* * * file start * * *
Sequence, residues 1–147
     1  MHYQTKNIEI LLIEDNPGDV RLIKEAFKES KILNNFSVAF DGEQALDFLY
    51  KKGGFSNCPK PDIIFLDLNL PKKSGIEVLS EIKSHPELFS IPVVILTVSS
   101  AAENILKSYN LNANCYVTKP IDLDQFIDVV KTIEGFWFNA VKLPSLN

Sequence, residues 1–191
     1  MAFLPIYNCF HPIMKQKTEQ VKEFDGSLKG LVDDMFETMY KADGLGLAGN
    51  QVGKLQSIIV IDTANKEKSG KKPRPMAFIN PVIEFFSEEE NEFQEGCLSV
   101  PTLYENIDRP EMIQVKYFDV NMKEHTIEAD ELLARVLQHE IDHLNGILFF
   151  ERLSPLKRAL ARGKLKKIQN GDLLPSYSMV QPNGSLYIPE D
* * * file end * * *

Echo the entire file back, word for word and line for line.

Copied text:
Sequence, residues 1–147
     1  MHYQTKNIEI LLIEDNPGDV RLIKEAFKES KILNNFSVAF DGEQALDFLY
    51  KKGGFSNCPK PDIIFLDLNL PKKSGIEVLS EIKSHPELFS IPVVILTVSS
   101  AAENILKSYN LNANCYVTKP IDLDQFIDVV KTIEGFWFNA VKLPSLN

Sequence, residues 1–191
     1  MAFLPIYNCF HPIMKQKTEQ VKEFDGSLKG LVDDMFETMY KADGLGLAGN
    51  QVGKLQSIIV IDTANKEKSG KKPRPMAFIN PVIEFFSEEE NEFQEGCLSV
   101  PTLYENIDRP EMIQVKYFDV NMKEHTIEAD ELLARVLQHE IDHLNGILFF
   151  ERLSPLKRAL ARGKLKKIQN GDLLPSYSMV QPNGSLYIPE D